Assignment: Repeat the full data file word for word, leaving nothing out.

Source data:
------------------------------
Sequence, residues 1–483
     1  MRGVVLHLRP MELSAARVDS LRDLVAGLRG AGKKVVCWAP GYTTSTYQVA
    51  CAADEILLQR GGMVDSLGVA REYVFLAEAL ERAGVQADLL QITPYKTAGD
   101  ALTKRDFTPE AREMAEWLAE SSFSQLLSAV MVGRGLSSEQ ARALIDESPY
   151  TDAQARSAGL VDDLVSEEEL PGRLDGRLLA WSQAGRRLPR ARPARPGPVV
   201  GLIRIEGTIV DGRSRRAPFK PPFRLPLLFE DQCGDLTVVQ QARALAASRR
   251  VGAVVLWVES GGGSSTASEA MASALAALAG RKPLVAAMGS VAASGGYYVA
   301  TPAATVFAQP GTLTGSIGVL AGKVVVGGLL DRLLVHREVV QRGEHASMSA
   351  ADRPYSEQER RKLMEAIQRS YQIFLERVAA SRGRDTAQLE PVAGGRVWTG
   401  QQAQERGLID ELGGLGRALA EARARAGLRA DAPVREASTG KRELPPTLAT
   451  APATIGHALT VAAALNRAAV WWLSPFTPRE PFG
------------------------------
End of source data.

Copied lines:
Sequence, residues 1–483
     1  MRGVVLHLRP MELSAARVDS LRDLVAGLRG AGKKVVCWAP GYTTSTYQVA
    51  CAADEILLQR GGMVDSLGVA REYVFLAEAL ERAGVQADLL QITPYKTAGD
   101  ALTKRDFTPE AREMAEWLAE SSFSQLLSAV MVGRGLSSEQ ARALIDESPY
   151  TDAQARSAGL VDDLVSEEEL PGRLDGRLLA WSQAGRRLPR ARPARPGPVV
   201  GLIRIEGTIV DGRSRRAPFK PPFRLPLLFE DQCGDLTVVQ QARALAASRR
   251  VGAVVLWVES GGGSSTASEA MASALAALAG RKPLVAAMGS VAASGGYYVA
   301  TPAATVFAQP GTLTGSIGVL AGKVVVGGLL DRLLVHREVV QRGEHASMSA
   351  ADRPYSEQER RKLMEAIQRS YQIFLERVAA SRGRDTAQLE PVAGGRVWTG
   401  QQAQERGLID ELGGLGRALA EARARAGLRA DAPVREASTG KRELPPTLAT
   451  APATIGHALT VAAALNRAAV WWLSPFTPRE PFG